As you may be aware, a group of over 600 scholars from across the country are organizing a protest of police violence and racism, Tuesday, September 8 and Wednesday, September 9, 2020. The goal of the #ScholarStrike, which involves pausing teaching and administrative duties at colleges and universities, is to unite the higher education community to show support for people of color and promote racial justice.  

More information can be found on the following link:  https://www.insidehighered.com/news/2020/08/28/professors-plan-strike-racial-justice

Below are talking points that may guide conversations with faculty, staff, and students:

  1. We are aware and understand the need for scholars to form a unified front given the recent national attention on racial injustice.
  2. We believe such efforts are necessary as they shine light on race relations and police brutality in our country.
  3. We encourage our campus community to continue to self-educate on the topics of race, racism, and social injustice.
    1. https://guides.lib.uiowa.edu/antiracism  
    2. https://diversity.uiowa.edu/
  4. As a campus, we encourage faculty in relevant disciplines to “teach-in” and engage with students in conversations around race, and social injustice.
  5. It is imperative we remember that campus and local communities are uniquely intertwined entities.
  6. One of the core values of higher education is to provide public scholarship.
  7. This initiative lends support to BIPOC faculty, staff, and students who may be adversely affected by police brutality.

The Diversity Resource unit within the Division of Diversity, Equity, and Inclusion is equipped to assist faculty needing guidance on this issue. I encourage you to contact DDEI as a resource if you have specific questions, and/or concerns.

- Liz Tovar, Ph.D., Interim Associate Vice President for Diversity, Equity, and Inclusion

Hosting a Teach-In?

Teach-ins are lectures, discussions, or educational forums that examine complex issues of public interest and are focused on engaging participants as active members in a call to action.

Teach-ins have a rich historical significance dating back to the Civil Rights Movement and Vietnam War protests. The teach-in practice has been utilized across different social movements as a way to both inform and engage the community. Different from a typical lecture or seminar structure, teach-ins are an effort to de-center a singular expert and focus on discussion, questions, and shared learning from those participating.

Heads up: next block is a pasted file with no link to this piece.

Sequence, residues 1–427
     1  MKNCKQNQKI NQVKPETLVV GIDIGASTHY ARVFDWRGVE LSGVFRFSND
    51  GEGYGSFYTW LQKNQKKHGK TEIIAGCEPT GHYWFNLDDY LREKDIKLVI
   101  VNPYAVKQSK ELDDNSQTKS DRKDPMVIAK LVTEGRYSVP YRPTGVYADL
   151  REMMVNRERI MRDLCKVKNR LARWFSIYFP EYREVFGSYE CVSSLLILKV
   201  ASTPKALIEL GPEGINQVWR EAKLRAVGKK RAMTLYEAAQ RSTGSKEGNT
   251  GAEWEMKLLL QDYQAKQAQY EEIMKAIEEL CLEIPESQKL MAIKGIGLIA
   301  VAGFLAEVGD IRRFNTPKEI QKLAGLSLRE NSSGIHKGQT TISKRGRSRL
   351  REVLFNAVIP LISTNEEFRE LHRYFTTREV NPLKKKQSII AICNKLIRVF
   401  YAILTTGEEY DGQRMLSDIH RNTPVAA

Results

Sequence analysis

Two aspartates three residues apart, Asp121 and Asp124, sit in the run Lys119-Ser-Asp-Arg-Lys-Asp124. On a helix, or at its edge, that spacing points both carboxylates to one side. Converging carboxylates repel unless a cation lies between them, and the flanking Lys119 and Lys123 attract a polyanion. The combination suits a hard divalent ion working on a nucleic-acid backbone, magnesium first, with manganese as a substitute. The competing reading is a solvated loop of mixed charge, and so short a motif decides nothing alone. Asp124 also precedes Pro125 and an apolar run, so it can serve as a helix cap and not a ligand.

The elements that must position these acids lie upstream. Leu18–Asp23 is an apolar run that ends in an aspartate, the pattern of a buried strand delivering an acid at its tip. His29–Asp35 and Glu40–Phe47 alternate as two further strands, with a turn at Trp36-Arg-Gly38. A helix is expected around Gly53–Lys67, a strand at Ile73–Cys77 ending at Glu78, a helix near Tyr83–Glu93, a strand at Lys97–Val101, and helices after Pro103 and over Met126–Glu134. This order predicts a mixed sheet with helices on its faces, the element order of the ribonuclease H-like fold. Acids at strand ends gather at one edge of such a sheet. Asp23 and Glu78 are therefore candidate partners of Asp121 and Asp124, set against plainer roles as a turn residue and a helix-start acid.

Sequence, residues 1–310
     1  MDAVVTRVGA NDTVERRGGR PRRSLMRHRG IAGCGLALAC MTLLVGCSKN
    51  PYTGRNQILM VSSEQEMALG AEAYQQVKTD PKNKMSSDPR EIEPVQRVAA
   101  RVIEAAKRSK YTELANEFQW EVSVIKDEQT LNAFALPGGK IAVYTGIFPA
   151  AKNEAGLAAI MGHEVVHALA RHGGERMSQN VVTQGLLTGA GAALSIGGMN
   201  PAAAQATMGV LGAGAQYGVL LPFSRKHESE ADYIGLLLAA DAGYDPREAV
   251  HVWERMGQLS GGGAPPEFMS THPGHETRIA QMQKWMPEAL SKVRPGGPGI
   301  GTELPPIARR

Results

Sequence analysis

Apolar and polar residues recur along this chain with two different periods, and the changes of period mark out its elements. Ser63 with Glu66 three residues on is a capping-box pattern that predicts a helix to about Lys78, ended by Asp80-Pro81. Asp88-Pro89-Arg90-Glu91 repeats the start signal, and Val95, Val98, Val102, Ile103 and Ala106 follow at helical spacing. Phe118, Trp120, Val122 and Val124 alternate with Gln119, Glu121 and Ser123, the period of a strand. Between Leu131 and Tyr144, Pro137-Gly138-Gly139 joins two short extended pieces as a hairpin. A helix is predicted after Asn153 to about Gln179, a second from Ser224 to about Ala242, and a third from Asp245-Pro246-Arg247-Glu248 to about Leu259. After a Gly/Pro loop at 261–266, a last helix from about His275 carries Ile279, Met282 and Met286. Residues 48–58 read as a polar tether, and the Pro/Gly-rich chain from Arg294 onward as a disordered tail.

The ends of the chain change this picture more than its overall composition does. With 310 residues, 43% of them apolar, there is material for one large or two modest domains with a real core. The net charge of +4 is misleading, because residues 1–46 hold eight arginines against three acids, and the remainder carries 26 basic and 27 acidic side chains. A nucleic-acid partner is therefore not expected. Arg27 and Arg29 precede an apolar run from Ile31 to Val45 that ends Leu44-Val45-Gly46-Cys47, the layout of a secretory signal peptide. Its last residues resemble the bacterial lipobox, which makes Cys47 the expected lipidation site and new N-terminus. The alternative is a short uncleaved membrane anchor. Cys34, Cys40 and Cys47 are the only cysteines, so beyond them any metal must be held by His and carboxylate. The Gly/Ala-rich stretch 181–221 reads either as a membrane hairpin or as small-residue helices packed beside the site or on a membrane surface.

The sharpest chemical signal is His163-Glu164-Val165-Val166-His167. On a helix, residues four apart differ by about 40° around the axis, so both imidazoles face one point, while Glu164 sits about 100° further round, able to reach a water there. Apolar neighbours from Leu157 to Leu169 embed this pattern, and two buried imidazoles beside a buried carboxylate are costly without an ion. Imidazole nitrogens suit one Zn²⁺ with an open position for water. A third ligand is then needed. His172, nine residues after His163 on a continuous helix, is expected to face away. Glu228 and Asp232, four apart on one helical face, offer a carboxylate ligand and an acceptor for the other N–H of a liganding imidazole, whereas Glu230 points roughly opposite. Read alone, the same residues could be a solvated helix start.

In order to have effective teach-ins, they must be:

Practical, Participatory, and Oriented Toward Action
Connected to a Strategic Goal or Plan

As you are thinking about how to structure your teach-in, consider the questions below in how best to present or frame your information:

The Issue


What is the focus on the teach-in? What is vital for all of us to consider in order to move forward?

Learn More


What are some of the resources connected to the issues? Where could participants go to explore after the session?



What information do the participants need to be able to engage in the conversation? What concepts or values are you hoping to promote? What are you hoping to empower your participants to do?

Calls to Action


What are the actions someone could do on the individual level? What actions could someone do on a community level? What are other ways to advocate for change?

As you start to narrow your scope and understand what you and others hope to achieve from hosting a teach-in, consider who else needs to be brought into the process. Do you need to have a committee? Are there other faculty, departments, or community organizations that would enrich the event? 

Also, consider the logistics of your program:

  1. Do you need to set up a separate location to host the session? Will your teach-in simply replace your class as it was set-up before?
  2. How will you deliver the session? Some ideas include Zoom, WebEx, GoToWebinar, YouTube Live, Facebook Live and Instagram Stories Live. If you are not familiar with these tools, seek out support who can help you know which platform might be best for you!
  3. What is your full agenda and is everyone participating aware? If not, how can you get everyone on the same page?
  4. How will you be communicating about the event both before and after? If the event will be recorded, how have you informed the participants so they are able to opt-out if desired?

There are many things to consider when hosting a teach-in, but don't let that deter you from engaging! The most important thing is to create a space in which individuals are discussing a complex issue with a broad and global lens while finding ways to act locally.

Looking for Resources?


Virtual Education Opportunities

Group Consultation


We will be hosting two open sessions for individuals to consult with Division of Diversity, Equity, and Inclusion staff on how best to implement strategies during the #ScholarStrike period.


Tuesday | September 8, 2020 | 11am-12pm | Register Here!

Wednesday | September 9, 2020 | 7am-8am | Register Here!

Consider Engaging with These Online Resources



1619 (Episode: "The Fight for a True Democracy")

Code Switch (Episode: "A Decade of Watching Black People Die")

Pod Save the People (Episode: "No In Between")

Radical Imagination (Episode: "Police Abolition")

Reveal (Episode: “The Uprising”)

The Daily (Episode: "The Systems that Protect the Police")

If you would like to request a workshop, panelist, or coaching session, please fill out our service request form.


**Special Note: If you are with the Carver College of Medicine or UI Health Care, please complete the service request form on the Carver College of Medicine Office of Diversity, Equity, and Inclusion's website.**